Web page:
Magazine article New Internationalist

Forgotten Empire: The Sun May Eventually Set upon the Relics of the French Empire

Magazine article New Internationalist

Forgotten Empire: The Sun May Eventually Set upon the Relics of the French Empire

Article excerpt

SOME empires never die, they just get forgotten. So it is with the numerous small -- and some not so small -- French territoires and departements dotted across the world where the tricolour still proudly ripples. From French Guyana to Reunion, from New Caledonia to Tahiti, the colonial era has yet to draw to a close. And, if France has anything to do with it, it never will.

There is an explanation that's popular with the French government. It runs something like this: Britain bled its colonies dry but France was a nurturing mother. No surprise then that whilst Britain's enfeebled victims desperately strove for freedom, France's plump children desired only to remain forever nestled at her milky bosom.

It is a convenient myth for late twentieth - century imperialists but it's hardly a convincing one. Nowhere is this more obvious than in the South Pacific. In the mid - 1950s France had the most progressive policy of any of the powers operating in the region. Back then New Caledonia and French Polynesia were largely self - governing. But with the loss of Algeria Paris was forced to scour the planet for somewhere new to test its atomic bombs. The lucky winner was French Polynesia. The devastation the tests have caused to the cultural and ecological fabric -- not to mention the health -- of the region eventually provoked an international outcry, led by New Zealand, and prized a temporary moratorium on testing from the Mitterand Government.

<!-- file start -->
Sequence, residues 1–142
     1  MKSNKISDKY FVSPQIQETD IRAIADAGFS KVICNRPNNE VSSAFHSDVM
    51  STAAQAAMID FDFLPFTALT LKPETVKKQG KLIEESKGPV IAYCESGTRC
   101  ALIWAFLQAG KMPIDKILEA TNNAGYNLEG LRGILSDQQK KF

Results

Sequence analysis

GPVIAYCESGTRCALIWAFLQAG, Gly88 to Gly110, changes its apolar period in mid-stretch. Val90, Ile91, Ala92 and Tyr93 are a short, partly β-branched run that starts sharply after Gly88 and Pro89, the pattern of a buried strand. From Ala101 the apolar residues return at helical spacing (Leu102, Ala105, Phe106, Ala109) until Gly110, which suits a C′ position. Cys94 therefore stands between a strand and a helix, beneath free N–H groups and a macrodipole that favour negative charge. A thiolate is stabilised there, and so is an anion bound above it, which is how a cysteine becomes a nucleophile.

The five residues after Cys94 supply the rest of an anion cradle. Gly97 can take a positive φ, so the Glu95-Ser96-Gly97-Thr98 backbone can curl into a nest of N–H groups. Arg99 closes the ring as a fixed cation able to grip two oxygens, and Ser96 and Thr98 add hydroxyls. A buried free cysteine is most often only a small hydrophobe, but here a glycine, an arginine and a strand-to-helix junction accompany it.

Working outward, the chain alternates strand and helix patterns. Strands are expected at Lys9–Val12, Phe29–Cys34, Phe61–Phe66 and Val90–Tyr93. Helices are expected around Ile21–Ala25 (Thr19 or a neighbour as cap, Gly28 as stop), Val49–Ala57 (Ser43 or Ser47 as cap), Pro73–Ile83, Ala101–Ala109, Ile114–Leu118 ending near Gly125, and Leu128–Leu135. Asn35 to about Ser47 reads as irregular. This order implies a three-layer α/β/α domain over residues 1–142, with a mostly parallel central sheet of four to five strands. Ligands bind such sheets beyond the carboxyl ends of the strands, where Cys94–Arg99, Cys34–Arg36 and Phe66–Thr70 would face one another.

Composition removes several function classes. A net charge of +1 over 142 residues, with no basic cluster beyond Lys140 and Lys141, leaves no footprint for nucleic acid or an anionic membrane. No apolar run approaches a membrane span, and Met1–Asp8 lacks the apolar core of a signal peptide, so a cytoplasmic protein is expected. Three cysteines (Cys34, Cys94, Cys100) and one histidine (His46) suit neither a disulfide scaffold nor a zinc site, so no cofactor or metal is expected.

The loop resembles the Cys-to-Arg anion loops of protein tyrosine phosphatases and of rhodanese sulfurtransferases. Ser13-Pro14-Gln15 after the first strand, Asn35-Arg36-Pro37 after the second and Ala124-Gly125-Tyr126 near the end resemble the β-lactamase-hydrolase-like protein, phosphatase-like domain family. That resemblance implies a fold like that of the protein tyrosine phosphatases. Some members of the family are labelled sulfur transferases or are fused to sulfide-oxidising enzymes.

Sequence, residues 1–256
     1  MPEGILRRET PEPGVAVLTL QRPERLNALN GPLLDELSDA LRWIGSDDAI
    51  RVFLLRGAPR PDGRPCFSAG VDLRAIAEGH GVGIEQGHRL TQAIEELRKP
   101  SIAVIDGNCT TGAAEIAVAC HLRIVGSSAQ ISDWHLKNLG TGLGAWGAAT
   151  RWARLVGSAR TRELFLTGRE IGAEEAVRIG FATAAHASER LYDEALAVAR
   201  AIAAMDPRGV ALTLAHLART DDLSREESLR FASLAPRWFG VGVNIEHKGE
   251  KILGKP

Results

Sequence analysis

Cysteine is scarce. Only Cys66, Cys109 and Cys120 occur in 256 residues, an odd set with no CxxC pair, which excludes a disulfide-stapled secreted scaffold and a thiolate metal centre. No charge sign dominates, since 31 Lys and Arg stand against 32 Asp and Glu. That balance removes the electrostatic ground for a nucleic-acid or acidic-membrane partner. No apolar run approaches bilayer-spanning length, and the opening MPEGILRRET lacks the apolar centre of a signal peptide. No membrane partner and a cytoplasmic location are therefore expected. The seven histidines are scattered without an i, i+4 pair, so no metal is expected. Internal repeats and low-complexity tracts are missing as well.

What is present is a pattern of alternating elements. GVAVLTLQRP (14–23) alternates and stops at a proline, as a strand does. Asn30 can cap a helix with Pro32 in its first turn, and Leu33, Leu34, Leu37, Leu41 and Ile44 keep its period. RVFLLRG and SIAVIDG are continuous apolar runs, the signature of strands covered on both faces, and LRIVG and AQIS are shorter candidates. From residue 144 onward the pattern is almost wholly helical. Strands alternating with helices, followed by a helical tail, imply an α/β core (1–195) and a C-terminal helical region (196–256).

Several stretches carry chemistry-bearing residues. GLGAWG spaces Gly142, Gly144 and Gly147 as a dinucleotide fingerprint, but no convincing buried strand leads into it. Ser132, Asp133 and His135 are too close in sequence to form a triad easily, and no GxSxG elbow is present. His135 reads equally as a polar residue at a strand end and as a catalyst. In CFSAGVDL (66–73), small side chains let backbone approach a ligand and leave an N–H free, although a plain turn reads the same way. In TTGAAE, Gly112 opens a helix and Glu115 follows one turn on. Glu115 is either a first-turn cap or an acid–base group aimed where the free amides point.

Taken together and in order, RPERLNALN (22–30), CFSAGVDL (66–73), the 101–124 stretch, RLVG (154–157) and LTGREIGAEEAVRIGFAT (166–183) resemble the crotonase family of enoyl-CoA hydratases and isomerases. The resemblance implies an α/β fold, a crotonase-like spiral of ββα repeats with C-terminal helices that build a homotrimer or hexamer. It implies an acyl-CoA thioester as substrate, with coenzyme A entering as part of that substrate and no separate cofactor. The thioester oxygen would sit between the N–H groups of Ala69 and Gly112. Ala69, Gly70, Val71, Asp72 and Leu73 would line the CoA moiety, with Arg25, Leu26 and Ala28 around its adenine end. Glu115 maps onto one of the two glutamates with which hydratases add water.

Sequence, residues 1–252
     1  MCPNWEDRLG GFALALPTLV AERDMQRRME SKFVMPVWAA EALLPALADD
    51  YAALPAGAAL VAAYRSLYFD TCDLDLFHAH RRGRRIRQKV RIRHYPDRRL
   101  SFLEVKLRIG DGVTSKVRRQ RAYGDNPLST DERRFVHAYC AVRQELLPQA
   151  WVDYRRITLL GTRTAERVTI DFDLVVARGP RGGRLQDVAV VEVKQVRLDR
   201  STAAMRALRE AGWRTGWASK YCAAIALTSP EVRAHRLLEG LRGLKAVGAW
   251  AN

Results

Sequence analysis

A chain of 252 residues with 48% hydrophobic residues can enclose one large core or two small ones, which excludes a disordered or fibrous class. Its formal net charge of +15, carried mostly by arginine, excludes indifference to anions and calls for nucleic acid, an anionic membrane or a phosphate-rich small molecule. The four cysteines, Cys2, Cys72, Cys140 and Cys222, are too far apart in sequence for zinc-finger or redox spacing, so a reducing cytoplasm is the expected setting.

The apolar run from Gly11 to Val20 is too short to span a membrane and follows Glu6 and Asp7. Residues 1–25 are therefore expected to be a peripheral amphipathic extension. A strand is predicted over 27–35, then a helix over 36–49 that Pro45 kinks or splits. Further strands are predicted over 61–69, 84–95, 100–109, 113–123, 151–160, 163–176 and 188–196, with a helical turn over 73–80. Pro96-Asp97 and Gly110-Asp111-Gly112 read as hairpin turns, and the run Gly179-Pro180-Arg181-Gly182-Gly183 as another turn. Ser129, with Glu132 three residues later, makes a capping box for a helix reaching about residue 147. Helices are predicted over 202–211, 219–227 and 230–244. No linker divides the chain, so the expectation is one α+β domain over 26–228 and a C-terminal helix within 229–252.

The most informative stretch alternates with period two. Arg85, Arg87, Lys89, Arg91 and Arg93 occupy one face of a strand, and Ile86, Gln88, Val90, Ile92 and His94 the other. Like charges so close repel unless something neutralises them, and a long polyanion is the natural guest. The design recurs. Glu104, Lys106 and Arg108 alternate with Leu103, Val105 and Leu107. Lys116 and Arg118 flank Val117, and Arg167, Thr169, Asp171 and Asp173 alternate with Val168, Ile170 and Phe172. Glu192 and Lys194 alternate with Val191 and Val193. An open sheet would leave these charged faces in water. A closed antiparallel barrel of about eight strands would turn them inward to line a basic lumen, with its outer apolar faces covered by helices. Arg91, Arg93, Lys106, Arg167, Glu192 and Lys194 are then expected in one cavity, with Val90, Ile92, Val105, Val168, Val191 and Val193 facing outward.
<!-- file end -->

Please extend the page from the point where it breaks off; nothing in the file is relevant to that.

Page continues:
However, France's Pacific colonies have other uses. Ron Crocombe, Professor of Pacific Studies at the University of the South Pacific in Fiji, points out that New Caledonia possesses one of the world's largest nickel deposits. By imposing a 200 - mile Exclusive Economic Zone around its territories France has 'control of more water than any other nation on earth'. As for the claim that France's colonial rule is justified by the lack of support for local independence movements, says Crocombe, 'If the other colonial powers had followed this approach there would not be a single independent country in the Pacific today'.

The indigenous peoples of France's Pacific possessions seem unwilling, however, to be colonial subjects forever. The Kanak independence movement in New Caledonia (FLNKS) is at present trying to broaden its support - base beyond the Kanaks, who now make up only 42 per cent of the island's population. Their persistence forced theFrench government into promising a referendum on sovereignty for 1998. …

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